There’s a difference between being a perfectionist, ie. someone who requires flawless results or performance, and having OCD. Obsessive-Compulsive Disorder (OCD) is a common, chronic disorder in which an individual has uncontrollable, intrusive, recurring thoughts (obsessions) and/or behaviors (compulsions) that they feel compelled to repeat, usually to soothe the said thought.
Contrary to the popular notion, OCD isn’t all about habits like straightening out the room, being slightly peculiar about personal items or ruminating over negative feelings; it actually stems from deep rooted feelings of anxiety. In most cases, the individual is aware that the obsessive thought lacks reason, however, they feel compelled to engage in ritualistic behaviors to achieve satiation.
In some cases the afflicted also believe that something bad will happen if they don’t address their compulsion. This could range from the fear of death of a loved one (obsession) and calling them twenty times in a day (compulsion) to worrying about catching a disease and therefore bathing ten times a day and/or not using public transportation. These behaviours are not voluntarily but carried out because clients fear the consequences of not engaging in the same.
OCD manifests itself in a variety of ways, but the majority of cases fall into one of four categories:
- Checking windows, alarm systems, ovens, light switches or suspecting a medical condition such as pregnancy or schizophrenia.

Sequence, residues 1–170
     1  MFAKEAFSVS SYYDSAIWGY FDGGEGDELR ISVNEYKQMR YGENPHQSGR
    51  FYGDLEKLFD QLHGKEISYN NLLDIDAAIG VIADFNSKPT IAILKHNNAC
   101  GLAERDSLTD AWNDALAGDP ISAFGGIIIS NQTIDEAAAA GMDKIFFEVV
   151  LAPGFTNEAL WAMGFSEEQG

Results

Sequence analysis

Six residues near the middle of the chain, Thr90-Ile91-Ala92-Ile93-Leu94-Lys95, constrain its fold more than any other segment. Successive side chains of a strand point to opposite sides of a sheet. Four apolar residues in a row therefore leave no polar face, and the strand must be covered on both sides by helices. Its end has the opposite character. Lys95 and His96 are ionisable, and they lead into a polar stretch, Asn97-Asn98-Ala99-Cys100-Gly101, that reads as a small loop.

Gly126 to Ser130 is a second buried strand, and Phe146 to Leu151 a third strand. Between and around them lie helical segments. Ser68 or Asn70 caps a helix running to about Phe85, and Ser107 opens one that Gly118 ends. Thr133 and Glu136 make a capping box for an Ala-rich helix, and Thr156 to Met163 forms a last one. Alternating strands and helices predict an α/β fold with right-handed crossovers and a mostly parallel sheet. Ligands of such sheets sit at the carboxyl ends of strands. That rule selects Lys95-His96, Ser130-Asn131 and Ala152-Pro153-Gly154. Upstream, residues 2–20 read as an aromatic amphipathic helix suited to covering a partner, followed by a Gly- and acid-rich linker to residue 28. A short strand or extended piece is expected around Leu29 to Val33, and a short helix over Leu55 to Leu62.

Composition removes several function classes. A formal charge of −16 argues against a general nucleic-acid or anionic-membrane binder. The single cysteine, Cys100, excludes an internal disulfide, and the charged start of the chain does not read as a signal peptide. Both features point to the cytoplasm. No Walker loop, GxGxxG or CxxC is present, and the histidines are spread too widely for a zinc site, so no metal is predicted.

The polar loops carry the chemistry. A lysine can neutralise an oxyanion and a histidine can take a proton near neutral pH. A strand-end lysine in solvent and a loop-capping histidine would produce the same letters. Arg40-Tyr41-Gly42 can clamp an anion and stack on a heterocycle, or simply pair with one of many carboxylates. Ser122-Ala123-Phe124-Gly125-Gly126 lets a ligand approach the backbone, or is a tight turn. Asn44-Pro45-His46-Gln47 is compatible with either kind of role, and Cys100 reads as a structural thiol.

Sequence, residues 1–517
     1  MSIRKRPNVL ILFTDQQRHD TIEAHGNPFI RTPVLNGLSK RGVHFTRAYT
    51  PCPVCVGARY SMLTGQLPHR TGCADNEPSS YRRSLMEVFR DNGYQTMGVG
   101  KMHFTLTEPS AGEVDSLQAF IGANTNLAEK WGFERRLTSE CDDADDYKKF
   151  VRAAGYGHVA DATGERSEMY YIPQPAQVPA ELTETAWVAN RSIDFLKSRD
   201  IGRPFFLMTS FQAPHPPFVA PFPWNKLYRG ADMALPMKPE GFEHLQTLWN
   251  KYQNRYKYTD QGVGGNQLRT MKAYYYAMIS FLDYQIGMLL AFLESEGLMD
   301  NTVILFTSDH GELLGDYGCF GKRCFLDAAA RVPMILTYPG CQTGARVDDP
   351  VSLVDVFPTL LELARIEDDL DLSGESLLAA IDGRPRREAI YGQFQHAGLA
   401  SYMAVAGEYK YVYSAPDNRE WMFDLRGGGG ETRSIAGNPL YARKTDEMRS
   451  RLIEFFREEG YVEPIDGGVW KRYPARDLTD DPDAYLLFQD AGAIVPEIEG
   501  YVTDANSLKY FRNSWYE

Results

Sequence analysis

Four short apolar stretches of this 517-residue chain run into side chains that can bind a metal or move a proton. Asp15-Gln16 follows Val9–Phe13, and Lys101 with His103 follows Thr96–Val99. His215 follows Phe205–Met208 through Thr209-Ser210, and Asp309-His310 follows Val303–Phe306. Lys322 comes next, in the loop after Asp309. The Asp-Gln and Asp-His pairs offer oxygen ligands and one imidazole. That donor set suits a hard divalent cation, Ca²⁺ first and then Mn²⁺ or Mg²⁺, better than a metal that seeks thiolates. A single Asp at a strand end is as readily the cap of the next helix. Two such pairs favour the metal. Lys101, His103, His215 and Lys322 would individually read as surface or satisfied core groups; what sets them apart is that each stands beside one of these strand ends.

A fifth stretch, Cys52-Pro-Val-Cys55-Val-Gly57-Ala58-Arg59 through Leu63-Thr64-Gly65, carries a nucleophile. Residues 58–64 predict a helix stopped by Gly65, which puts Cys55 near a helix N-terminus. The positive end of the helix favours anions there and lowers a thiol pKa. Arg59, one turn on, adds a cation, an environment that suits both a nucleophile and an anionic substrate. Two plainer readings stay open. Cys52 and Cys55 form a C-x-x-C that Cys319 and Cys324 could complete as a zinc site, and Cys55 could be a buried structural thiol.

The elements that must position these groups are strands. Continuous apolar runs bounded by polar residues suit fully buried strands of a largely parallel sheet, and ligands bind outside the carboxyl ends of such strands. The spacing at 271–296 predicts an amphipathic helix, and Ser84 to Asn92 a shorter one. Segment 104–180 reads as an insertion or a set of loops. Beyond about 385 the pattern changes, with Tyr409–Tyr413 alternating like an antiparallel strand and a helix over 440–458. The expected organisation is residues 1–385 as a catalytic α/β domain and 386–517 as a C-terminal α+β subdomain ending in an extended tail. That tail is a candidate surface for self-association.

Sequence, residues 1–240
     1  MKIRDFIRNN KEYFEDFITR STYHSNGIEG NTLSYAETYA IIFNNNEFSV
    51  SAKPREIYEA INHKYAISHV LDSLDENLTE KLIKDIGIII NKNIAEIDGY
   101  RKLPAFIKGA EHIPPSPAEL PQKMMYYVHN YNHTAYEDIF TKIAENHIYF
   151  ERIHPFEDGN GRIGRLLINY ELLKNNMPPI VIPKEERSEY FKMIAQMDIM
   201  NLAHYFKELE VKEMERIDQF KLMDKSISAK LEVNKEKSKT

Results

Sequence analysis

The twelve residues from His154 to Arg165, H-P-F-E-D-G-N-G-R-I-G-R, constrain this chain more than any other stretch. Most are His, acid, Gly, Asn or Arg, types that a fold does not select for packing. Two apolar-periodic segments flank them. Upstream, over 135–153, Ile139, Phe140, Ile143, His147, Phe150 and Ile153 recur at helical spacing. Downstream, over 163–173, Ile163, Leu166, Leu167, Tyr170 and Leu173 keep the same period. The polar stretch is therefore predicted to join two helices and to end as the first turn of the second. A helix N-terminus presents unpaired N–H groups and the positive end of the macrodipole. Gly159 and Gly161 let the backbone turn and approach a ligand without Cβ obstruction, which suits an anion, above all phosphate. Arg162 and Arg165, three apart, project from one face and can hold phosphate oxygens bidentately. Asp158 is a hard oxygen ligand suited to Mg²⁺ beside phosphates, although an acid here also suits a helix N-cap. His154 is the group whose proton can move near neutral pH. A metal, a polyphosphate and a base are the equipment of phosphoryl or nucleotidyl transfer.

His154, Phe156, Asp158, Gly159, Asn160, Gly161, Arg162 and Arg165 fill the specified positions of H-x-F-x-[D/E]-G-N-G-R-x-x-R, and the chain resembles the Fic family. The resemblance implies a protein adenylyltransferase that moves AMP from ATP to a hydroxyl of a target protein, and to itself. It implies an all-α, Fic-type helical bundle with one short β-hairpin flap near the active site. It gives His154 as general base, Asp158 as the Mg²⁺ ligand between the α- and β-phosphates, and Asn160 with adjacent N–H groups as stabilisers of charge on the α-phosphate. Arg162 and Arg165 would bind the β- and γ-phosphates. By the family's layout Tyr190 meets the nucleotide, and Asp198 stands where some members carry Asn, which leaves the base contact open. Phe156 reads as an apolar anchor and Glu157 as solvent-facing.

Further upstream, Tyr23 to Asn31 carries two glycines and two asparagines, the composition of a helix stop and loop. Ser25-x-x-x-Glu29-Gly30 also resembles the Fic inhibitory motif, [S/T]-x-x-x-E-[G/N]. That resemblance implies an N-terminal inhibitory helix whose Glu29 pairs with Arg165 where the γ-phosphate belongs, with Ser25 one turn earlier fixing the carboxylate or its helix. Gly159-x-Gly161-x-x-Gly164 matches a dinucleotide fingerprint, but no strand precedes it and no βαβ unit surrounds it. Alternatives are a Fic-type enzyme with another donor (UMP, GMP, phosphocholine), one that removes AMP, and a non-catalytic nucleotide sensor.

- Contamination is characterized by a fear of being infected or a strong desire to clean. Feeling like you’ve been handled like garbage is a sign of mental pollution.
- Symmetry and order, the need to arrange items in a certain order.
- Ruminations and repetitive thinking as well as a focus on a single line of thought. Any of these ideas could be aggressive or upsetting.
These compulsions are excessive and often are not realistically related to the problem they’re intended to fix. Symptoms generally worsen when one experiences greater stress. Getting treatment as soon as possible may help to prevent OCD from worsening and disrupting one’s daily routine and performance in other activities.
OCD treatments may involve mental health professionals helping people with these conditions objectively examine their behavior. They reveal an individual’s negative thought patterns and offer productive alternatives to the compulsions. With help, individuals can break the cycle of their distress. Meditation, yoga, and massages are all simple techniques in addition to therapy for dealing with stressful OCD symptoms. In a few severe cases medication is needed. Many people benefit from psychiatric medications known as selective serotonin reuptake inhibitors (SSRIs), which help them control their obsessions and compulsions and improve their quality of life.